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    $\begingroup$ Fantastic solution. Thanks for posting. If you know of any other approaches, please post up. $\endgroup$ – user150203 Jan 14 at 11:39
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Here is an alternative strategy that can be used to find $I^{(1)}_n$ (your $I_n$), $I^{(2)}_n$ (your $J_n$), and $I^{(p)}_n$ (the general case where $p \in \mathbb{N}$).

Writing $$I^{(1)}_n = \int_0^\infty \frac{\ln t}{1 + t^n} \, dt = \int_0^1 \frac{\ln t}{1 + t^n} \, dt + \int_1^\infty \frac{\ln t}{1 + t^n} \, dt.$$ Enforcing a substitution of $t \mapsto 1/t$ in the second of the integrals appearing to the right yields $$I^{(1)}_n = \int_0^1 \frac{\ln t}{1 + t^n} \, dt - \int_0^1 \frac{\ln t}{1 + t^n} \, t^{n - 2} dt.$$ Exploiting the geometric sum for the term $1/(1 + t^n)$ leads to $$I^{(1)}_n = \sum_{k = 0}^\infty (-1)^k \int_0^1 t^{kn} \ln t \, dt - \sum_{k = 0}^\infty (-1)^k \int_0^1 t^{kn + n - 2} \ln t \, dt.$$ After integrating by parts we have \begin{align} I^{(1)}_n &= -\frac{1}{n^2} \sum_{k = 0}^\infty \frac{(-1)^k}{(k + 1/n)^2} + \frac{1}{n^2} \sum_{k = 0}^\infty \frac{(-1)^k}{(k + 1 - 1/n)^2}\\ &= \frac{1}{n^2} \sum_{\substack{k = 0\\k \in \text{odd}}} \frac{1}{(k + 1/n)^2} - \frac{1}{n^2} \sum_{\substack{k = 0\\k \in \text{even}}} \frac{1}{(k + 1/n)^2}\\ & \qquad -\frac{1}{n^2} \sum_{\substack{k = 0\\k \in \text{odd}}} \frac{1}{(k + 1 - 1/n)^2} + \frac{1}{n^2} \sum_{\substack{k = 0\\k \in \text{even}}} \frac{1}{(k + 1 - 1/n)^2}. \end{align} Shifting the odd indices by: $k \mapsto 2k + 1$, and the even indices by: $k \mapsto 2k$, gives \begin{align} I^{(1)}_n &= \frac{1}{4n^2} \sum_{k = 0}^\infty \frac{1}{(k + 1/2 + 1/2n)^2} - \frac{1}{4n^2} \sum_{k = 0}^\infty \frac{1}{(k + 1/2n)^2}\\ & \qquad - \frac{1}{4n^2} \sum_{k = 0}^\infty \frac{1}{(k + 1 - 1/2n)^2} + \frac{1}{4n^2} \sum_{k = 0}^\infty \frac{1}{(k + 1/2 - 1/2n)^2}\\ &= -\frac{1}{4n^2} \left [ \psi^{(1)} \left (1 - \frac{1}{2n} \right ) + \psi^{(1)} \left (\frac{1}{2n} \right ) \right ]\\ & \qquad + \frac{1}{4n^2} \left [\psi^{(1)} \left (1 - \left (\frac{1}{2} - \frac{1}{2n} \right ) \right ) + \psi^{(1)} \left (\frac{1}{2} - \frac{1}{2n} \right ) \right ]\\ &= -\frac{\pi^2}{4n^2} \left [\operatorname{cosec}^2 \left (\frac{\pi}{2n} \right ) - \operatorname{cosec}^2 \left (\frac{\pi}{2} + \frac{\pi}{2n} \right ) \right ]\\ &= -\frac{\pi^2}{4n^2} \left [\operatorname{cosec}^2 \left (\frac{\pi}{2n} \right ) - \sec^2 \left (\frac{\pi}{2n} \right ) \right ]\\ &= -\frac{\pi^2}{n^2} \left [\frac{\cos^2(\pi/2n) - \sin^2 (\pi/2n)}{\{2 \sin (\pi/2n) \cos (\pi/2n)\}^2} \right ]\\ &= -\frac{\pi^2}{n^2} \operatorname{cosec} \left (\frac{\pi}{n} \right ) \cot \left (\frac{\pi}{n} \right ), \end{align} as expected. Note we have made use of the reflexion formula for the trigamma function $\psi^{(1)}(z)$.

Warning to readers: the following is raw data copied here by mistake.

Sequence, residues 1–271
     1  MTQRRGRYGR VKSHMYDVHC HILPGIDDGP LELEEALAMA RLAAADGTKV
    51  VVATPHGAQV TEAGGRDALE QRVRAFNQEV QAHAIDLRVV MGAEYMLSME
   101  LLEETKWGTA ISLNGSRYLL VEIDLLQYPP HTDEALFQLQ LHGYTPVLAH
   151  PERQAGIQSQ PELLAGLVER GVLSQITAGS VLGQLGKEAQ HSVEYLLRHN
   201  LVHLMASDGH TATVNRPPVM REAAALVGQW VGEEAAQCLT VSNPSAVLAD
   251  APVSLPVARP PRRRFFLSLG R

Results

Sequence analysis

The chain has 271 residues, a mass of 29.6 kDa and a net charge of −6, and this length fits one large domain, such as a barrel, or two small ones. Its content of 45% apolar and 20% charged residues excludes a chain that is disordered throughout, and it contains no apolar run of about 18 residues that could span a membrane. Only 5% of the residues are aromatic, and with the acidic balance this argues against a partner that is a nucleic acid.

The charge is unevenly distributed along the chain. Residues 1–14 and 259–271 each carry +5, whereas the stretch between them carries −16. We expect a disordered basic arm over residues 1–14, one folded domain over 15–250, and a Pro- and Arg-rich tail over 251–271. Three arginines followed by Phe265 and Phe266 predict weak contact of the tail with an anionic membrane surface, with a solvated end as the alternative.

In a similar way to how $I^{(1)}_n$ was found above, $I^{(2)}_n$ and $I^{(p)}_n$ can also be found.

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  • $\begingroup$ I always enjoy your solutions/methods and this one is fantastic. That initial 'trick' of splitting the integral and then make the change of variable is something I will certainly be keeping in my toolbox. Much appreciated. $\endgroup$ – user150203 Jan 15 at 6:45